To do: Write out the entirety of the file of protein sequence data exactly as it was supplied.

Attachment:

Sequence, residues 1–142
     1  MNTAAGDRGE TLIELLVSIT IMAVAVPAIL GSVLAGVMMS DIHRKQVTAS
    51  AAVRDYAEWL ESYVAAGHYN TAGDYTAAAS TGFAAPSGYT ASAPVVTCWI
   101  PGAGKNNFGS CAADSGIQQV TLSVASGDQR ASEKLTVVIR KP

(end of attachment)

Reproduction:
Sequence, residues 1–142
     1  MNTAAGDRGE TLIELLVSIT IMAVAVPAIL GSVLAGVMMS DIHRKQVTAS
    51  AAVRDYAEWL ESYVAAGHYN TAGDYTAAAS TGFAAPSGYT ASAPVVTCWI
   101  PGAGKNNFGS CAADSGIQQV TLSVASGDQR ASEKLTVVIR KP